Incredibly, the J.B. Hunt driver fled the scene of the accident, making no attempt to report the incident or to render any type of emergency care to Ms. Rivas.
After being extracted from her vehicle, Ms. Rivas was taken to the hospital where her diagnoses included subarachnoid hemorrhage, concussion, and retrograde amnesia. She continues to suffer from serious cognitive impairments, chronic physical pain, and other conditions as a result of her injuries. Ms. Rivas has been unable to work since the accident and was required to move in with her cousin who helps care for her financially and physically.
During discovery in the case, it was learned that the J.B. Hunt driver had been hired and fired by J.B. Hunt twice in the past, including for being “unfit”. He had held 15 different jobs in the trucking industry since 1999 and was terminated from many of them for safety violations and incidents of violence. He also had a history of failing to report and attempting to cover up traffic accidents.
Although during the litigation the J.B. Hunt driver claimed that he “blacked out” and could not recall the accident, within days of the crash he gave two different detailed versions of the accident to the investigating police officer and J.B. Hunt’s claims adjuster. In both of these accounts, he claimed Ms. Rivas ran the red light despite the fact that there were two independent eye witnesses who confirm the contrary – that the J.B. Hunt driver ran the red light and fled the scene.
Trial in the case began with opening statements on July 19, 2012. In addition to economic and non-economic damages, the case seeks punitive damages against the defendants based on the conscious and deliberate disregard of the rights and safety of others that was shown by both the truck driver and J.B. Hunt, who hired the driver knowing his driving record and employment history.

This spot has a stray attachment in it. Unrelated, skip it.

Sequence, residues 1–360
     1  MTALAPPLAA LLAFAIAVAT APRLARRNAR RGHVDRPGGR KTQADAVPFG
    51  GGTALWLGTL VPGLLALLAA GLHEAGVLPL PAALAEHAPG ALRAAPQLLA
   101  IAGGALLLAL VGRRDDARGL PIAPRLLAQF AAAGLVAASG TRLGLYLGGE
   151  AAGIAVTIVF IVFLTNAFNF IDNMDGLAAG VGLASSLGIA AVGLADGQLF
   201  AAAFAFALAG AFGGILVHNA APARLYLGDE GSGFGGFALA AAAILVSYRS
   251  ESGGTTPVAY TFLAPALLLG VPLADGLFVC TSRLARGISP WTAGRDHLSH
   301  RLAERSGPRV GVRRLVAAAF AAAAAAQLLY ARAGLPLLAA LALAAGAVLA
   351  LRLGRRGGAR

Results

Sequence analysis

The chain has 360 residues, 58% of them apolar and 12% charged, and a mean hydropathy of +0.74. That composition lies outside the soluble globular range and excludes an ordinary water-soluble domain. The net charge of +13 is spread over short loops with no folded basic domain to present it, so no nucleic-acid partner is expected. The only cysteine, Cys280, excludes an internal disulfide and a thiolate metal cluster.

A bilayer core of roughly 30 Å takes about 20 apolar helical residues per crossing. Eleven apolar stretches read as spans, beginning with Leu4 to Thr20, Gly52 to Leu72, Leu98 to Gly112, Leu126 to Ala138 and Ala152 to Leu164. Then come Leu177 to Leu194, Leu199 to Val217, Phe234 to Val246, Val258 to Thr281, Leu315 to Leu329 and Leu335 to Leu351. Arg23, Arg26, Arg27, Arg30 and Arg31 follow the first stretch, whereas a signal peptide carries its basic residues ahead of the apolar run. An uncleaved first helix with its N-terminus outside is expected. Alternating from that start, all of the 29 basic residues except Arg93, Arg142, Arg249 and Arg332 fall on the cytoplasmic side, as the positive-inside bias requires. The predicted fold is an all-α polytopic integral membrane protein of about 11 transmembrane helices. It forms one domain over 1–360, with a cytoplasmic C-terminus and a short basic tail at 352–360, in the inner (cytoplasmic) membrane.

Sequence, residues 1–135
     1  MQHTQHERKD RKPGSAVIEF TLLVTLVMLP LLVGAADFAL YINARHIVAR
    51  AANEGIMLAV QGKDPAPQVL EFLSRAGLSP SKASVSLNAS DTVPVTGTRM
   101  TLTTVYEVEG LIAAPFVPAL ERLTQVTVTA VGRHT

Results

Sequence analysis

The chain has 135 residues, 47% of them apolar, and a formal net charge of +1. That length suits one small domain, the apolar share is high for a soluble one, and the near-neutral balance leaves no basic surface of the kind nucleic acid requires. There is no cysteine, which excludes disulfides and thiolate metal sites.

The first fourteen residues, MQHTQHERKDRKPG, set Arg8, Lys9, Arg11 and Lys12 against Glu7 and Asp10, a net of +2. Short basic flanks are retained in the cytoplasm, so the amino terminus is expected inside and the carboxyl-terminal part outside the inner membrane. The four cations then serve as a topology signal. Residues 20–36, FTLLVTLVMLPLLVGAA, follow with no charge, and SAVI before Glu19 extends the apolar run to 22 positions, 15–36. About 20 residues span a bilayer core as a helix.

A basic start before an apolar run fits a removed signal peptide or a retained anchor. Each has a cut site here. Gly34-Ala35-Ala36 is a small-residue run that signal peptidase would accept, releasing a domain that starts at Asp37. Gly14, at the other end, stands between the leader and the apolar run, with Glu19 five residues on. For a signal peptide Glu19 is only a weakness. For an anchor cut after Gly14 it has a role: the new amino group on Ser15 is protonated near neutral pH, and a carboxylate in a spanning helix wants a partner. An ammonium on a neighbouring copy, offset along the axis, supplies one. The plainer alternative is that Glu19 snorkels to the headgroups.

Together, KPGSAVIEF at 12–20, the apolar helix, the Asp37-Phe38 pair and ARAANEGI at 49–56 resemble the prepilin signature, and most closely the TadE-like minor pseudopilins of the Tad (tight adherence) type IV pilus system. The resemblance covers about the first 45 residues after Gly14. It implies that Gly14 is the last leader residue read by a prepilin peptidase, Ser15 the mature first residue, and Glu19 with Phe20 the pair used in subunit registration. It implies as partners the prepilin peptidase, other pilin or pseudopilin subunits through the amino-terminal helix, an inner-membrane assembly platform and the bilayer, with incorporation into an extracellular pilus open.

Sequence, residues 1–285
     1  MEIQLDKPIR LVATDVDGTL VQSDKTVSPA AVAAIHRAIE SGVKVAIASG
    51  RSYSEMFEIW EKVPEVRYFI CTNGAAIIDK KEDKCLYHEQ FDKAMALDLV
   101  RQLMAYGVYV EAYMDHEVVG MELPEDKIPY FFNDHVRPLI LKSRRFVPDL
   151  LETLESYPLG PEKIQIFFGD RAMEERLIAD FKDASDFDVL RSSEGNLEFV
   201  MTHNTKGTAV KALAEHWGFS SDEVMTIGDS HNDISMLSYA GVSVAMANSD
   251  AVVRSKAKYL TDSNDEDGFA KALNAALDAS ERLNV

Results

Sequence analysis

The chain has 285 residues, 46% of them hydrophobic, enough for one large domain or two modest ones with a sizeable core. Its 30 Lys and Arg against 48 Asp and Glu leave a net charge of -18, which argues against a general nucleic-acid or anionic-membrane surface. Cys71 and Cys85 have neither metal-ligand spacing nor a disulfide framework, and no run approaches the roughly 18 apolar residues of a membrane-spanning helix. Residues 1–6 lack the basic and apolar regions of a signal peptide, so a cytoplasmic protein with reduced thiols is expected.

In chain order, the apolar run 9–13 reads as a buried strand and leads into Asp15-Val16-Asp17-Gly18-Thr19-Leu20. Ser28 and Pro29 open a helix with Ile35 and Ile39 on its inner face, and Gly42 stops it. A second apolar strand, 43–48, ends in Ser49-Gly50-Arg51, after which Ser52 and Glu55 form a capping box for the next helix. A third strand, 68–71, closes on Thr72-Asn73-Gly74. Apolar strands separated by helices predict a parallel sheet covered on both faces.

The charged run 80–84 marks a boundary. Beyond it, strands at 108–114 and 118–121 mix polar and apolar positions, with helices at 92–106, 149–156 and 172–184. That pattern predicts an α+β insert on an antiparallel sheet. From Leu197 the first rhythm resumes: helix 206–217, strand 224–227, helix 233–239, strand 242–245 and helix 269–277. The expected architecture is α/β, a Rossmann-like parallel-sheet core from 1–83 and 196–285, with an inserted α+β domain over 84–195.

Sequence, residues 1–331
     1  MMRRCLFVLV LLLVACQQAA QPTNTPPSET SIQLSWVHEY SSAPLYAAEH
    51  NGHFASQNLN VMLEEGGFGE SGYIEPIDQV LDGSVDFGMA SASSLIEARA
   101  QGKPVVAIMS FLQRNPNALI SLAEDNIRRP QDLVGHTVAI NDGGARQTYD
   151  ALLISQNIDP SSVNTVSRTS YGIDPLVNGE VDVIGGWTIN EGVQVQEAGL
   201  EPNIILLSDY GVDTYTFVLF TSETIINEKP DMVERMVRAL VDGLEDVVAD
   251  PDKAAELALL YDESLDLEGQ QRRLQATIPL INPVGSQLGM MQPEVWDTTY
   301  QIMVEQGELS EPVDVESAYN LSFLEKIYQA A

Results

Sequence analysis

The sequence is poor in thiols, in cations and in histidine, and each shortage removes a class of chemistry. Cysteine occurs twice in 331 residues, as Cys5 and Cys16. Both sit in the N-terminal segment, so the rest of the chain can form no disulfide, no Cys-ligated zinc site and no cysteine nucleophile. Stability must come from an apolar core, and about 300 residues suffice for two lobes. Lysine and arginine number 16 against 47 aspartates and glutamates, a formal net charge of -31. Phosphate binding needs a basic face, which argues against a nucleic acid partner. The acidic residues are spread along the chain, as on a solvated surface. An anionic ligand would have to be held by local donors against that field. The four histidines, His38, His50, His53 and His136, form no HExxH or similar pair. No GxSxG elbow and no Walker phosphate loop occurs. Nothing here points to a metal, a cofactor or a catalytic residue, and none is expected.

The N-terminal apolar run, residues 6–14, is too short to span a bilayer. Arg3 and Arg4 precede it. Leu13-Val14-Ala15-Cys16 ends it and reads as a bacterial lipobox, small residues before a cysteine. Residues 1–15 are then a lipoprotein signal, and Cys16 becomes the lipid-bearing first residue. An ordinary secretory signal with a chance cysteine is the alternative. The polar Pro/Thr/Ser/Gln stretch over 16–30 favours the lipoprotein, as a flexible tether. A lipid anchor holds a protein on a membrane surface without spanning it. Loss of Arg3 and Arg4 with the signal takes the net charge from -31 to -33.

On June 25, 2014, Kevin Boyle and Rahul Ravipudi obtained a $19,786,818 jury verdict for a man who suffered severe burn and traumatic brain injuries when his rental home exploded as a result of Southern California Gas Company (“SoCalGas”) negligence. This is believed to be the largest personal injury jury verdict in history against SoCalGas. SoCalGas made no settlement offer to the plaintiff at any time during the case. On January 19, 2011, an employee of SoCalGas arrived at a property in San Gabriel, California, where 24-year old Plaintiff Pengxuan Diao and others lived, to service the gas system. Mr. Diao is a Chinese immigrant who was attending school in the United States. While at the house, the SoCalGas employee recklessly opened a gas valve which activated a gas line running to the back house where Mr. Diao was sleeping. In violation of SoCalGas policy, the employee then left the property without ensuring it was leak free. Approximately two hours after the leak began, Mr. Diao woke up and attempted to light a cigarette at which point the room exploded into flames. Mr. Diao caught on fire and sustained catastrophic injuries including second and third degree burns to over 20 percent of his body. Mr. Diao was in the hospital for two weeks and received multiple surgeries (debridement and skin grafting) and extensive treatment.
Following the explosion, Mr. Diao was also diagnosed with a traumatic brain injury which has left him with permanent cognitive deficits. Although SoCalGas eventually admitted fault for the incident, it argued that the property owner was also negligent and should be held at least partially responsible for Mr. Diao’s damages. SoCalGas also challenged the nature and extent of Mr. Diao’s injuries and damages, telling the jury during closing arguments that Mr. Diao should only be awarded $1,400,000. The jury disagreed and awarded Mr. Diao $17,000,000 for past and future pain and suffering, $2,129,718 for past and future medical expenses, and $657,100 for past and future loss of earnings. The trial court upheld the verdict in it’s entirety in post-trial motions, and the Court of Appeal affirmed the trial court’s decision on January 8, 2016. Read the Court of Appeal’s decision here.
On July 16, 2013, Panish | Shea | Boyle | Ravipudi LLP attorney Spencer Lucas obtained a $19,466,000 jury verdict in the Los Angeles Superior Court for a man and his wife after the man suffered catastrophic injuries when he was hit by a truck while riding his motorcycle.